Silence welcomes me as I make my entrance,
So much to see in an instance,
The stillness that meets me, too calm,
Still like water from our local river, or dam.
Not astonishing though, it’s a morgue, not a party,
The floors are squeaky clean, nothing dirty.
The departed have no tale,
Kins outside, all they do is wail.
My visit is met by dubiety.
I can smell mistrust in the air,
The skeptic attendants pose to study me,
My dark arms, my short, black kinky hair.
Their suspicious eyes follow me as I make slow steps,
I’m slower than the snail in my movement.
Some here died having no achievment.
Who is this? I hear them murmur amongst themselves.
The dead are quiet, calm, but observant. A heedful lot.
They notice me an alien, an anonymous being in their midst.
I’m incognito to them.
I detect something in the atmosphere, they like no foreigner,
I see them gather, I see the dead souls come together,
To talk about me, an outsider.
I’m now a subject in their discussion.
My unannounced visit sure has some repercussion.
They are planning to send me out.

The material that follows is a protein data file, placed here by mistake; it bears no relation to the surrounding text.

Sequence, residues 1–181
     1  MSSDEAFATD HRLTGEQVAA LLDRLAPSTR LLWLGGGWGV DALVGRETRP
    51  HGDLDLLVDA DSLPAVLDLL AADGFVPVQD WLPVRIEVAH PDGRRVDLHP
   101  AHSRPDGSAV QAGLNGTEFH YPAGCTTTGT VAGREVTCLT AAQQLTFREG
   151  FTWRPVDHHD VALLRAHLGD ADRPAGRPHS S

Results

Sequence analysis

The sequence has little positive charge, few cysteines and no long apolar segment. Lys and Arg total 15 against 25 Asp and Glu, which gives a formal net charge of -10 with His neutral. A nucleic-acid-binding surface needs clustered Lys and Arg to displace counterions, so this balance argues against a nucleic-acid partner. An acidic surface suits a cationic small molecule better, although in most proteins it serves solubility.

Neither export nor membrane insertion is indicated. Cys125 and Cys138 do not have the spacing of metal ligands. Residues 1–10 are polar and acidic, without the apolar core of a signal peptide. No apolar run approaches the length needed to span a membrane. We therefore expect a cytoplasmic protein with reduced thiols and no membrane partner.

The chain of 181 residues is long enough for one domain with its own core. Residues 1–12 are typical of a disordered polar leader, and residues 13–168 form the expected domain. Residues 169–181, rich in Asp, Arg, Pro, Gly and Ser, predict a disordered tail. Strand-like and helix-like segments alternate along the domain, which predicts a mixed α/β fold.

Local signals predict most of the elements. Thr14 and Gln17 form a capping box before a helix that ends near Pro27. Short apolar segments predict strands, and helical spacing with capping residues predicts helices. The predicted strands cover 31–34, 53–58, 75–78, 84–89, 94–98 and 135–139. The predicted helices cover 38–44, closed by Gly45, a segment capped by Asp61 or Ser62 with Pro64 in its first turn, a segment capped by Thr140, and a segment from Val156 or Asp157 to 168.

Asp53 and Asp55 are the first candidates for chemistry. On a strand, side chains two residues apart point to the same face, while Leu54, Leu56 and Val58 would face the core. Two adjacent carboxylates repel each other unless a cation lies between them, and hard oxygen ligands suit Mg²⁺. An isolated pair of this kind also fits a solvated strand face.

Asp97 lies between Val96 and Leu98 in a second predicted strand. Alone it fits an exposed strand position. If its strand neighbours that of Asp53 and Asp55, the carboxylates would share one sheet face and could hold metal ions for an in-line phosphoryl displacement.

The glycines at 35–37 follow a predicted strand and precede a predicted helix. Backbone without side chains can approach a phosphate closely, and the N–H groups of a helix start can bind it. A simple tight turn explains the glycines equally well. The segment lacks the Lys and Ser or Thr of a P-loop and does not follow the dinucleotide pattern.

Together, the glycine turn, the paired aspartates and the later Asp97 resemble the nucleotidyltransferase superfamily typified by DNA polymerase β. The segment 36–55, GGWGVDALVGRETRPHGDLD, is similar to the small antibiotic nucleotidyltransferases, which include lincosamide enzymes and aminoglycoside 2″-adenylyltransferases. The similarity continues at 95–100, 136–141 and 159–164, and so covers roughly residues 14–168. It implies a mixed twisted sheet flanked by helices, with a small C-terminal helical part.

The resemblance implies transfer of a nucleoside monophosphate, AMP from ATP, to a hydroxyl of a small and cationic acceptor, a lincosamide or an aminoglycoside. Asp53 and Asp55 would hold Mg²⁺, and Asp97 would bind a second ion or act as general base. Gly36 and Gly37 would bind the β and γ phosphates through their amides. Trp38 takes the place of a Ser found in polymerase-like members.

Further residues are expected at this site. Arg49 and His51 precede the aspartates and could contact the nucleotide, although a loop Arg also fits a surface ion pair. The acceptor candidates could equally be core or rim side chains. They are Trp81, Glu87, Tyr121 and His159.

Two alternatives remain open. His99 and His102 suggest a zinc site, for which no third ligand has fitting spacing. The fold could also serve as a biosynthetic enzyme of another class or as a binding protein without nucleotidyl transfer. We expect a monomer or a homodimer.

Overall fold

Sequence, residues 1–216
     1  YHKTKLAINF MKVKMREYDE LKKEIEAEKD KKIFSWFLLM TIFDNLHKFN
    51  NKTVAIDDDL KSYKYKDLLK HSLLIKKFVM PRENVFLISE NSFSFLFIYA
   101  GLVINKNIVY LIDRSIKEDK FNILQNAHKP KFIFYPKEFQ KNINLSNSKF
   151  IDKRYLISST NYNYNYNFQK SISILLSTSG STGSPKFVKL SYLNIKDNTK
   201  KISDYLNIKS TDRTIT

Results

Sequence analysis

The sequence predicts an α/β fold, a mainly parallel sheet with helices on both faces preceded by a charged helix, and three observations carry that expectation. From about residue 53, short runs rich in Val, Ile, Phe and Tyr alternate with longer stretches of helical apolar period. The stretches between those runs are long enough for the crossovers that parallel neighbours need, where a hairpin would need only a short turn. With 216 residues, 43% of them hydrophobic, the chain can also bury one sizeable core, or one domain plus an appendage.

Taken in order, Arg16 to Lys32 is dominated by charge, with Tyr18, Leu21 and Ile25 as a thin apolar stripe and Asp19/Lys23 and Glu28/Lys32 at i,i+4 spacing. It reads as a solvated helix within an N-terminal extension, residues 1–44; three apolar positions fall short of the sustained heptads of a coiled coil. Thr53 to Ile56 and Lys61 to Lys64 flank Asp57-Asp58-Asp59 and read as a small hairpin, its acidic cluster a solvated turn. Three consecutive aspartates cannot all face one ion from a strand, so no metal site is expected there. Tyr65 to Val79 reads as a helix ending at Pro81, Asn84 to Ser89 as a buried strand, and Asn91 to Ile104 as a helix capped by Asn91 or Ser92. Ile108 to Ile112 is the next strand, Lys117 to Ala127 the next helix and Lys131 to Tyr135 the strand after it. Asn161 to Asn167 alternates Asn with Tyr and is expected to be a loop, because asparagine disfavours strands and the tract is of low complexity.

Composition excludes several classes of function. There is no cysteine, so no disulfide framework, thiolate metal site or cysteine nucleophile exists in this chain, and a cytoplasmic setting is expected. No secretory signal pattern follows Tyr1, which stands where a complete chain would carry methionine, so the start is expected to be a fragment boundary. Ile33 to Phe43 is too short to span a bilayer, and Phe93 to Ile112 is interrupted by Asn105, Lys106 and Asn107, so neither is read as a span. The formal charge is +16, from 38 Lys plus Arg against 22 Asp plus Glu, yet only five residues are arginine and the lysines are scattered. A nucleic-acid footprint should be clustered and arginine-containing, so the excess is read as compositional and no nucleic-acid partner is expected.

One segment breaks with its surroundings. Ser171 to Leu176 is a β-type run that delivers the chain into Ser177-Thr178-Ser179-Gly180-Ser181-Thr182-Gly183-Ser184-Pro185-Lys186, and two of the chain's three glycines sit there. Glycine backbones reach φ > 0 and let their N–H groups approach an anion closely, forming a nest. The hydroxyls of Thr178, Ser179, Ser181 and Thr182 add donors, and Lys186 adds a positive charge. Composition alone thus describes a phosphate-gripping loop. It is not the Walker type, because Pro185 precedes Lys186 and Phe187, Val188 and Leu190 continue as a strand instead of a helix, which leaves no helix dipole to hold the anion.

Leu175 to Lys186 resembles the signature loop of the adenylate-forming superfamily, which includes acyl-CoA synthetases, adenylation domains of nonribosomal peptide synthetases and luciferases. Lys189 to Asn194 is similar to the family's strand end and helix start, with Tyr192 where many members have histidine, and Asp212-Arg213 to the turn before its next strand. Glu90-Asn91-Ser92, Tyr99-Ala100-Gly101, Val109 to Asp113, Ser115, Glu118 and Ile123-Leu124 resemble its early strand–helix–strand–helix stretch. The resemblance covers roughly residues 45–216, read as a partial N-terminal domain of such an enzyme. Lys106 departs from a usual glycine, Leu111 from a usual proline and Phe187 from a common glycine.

That, I’m sure without a doubt.
It’s now obvious, I’m not needed here. No love,
I don’t harm, I try to plead, they won’t listen,
They don’t understand my language,
What’s my main aim at my age?
The dead speak a different language from the living.
I descry something.
Bubbly and ebullient souls floating and swinging freely in the air,
Souls which deeply felt that life was anything but just or fair.
Maybe on their way to purgatory,
But that’s not for me to worry.
The souls are glad that they have left this sad planet,
Others are dejected Spirits, sullen, unhappy to leave this lively universe.
I took a walk to the morgue, out if curiosity,
And in an attempt to mingle with the people of the other world.
I wanted to have a feel of their world.
Wasn’t successful though, they were cold towards me.
Didn’t want to share their story.
I’ll make another trip there soon,
But just after I’ve gone to the moon.
This poem has not been translated into any other language yet.I would like to translate this poem